Effects of two days of isokinetic training on strength and electromyographic amplitude in the agonist and antagonist muscles

Travis W Beck, Terry J Housh, Glen O Johnson, Joseph P Weir, Joel T Cramer, Jared W Coburn, Moh H Malek, Michelle Mielke
Journal of Strength and Conditioning Research 2007, 21 (3): 757-62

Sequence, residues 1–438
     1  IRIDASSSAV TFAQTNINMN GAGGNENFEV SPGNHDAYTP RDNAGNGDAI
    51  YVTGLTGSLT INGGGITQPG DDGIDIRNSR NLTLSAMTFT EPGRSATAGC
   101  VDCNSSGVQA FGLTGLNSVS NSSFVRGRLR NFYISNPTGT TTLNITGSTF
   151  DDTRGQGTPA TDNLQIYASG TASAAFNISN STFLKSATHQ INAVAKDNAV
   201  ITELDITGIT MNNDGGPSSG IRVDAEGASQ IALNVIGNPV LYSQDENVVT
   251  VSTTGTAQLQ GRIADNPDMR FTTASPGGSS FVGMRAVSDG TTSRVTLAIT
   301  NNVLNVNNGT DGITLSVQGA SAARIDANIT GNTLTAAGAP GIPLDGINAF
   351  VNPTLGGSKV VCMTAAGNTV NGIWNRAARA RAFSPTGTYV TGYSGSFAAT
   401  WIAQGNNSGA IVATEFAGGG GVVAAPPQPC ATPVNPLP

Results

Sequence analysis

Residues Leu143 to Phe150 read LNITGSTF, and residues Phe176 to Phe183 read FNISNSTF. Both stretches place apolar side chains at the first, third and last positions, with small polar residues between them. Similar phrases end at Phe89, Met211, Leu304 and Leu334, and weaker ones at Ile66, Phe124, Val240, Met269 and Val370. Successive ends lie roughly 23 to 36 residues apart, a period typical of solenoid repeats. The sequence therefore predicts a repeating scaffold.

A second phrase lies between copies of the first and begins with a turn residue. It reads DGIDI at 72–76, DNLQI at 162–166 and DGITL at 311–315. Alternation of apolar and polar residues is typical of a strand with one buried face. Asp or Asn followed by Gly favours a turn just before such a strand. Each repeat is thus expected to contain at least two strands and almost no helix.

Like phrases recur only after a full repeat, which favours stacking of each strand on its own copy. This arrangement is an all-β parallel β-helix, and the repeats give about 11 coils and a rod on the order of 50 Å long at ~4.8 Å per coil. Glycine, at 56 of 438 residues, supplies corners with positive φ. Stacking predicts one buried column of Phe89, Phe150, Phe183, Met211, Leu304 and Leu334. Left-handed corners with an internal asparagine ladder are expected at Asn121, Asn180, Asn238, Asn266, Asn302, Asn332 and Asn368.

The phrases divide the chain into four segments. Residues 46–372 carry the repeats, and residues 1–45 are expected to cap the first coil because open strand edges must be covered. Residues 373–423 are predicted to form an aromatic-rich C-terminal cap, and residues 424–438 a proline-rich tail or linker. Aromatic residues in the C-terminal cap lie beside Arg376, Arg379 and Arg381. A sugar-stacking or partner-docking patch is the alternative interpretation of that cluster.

The purpose of this study was to examine the effects of 2 days of isokinetic training of the forearm flexors and extensors on strength and electromyographic (EMG) amplitude for the agonist and antagonist muscles. Seventeen men (mean +/- SD age = 21.9 +/- 2.8 years) were randomly assigned to 1 of 2 groups: (a) a training group (TRN; n = 8), or (b) a control group (CTL; n = 9). The subjects in the TRN group were tested for maximal isometric and concentric isokinetic (randomly ordered velocities of 60, 180, and 300 degrees x s(-1)) torque of the dominant forearm flexors and extensors before (pretest) and after (posttest) 2 days of isokinetic strength training. Each training session involved 6 sets of 10 maximal concentric isokinetic muscle actions of the forearm flexors and extensors at a velocity of 180 degrees x s(-1). The subjects in the CTL group were also tested for strength but did not perform any training. Surface EMG signals were detected from the biceps brachii and triceps brachii muscles during the strength testing. The results indicated that there were no significant (p > 0.05) pre- to post-test changes in forearm flexion and extension torque or EMG amplitude for the agonist and antagonist muscles. Thus, unlike previous studies of the quadriceps femoris muscles, these findings for the forearm flexors and extensors suggested that 2 days of isokinetic training may not be sufficient to elicit significant increases in strength. These results may have implications for the number of visits that are required for rehabilitation after injury, surgery, or both.

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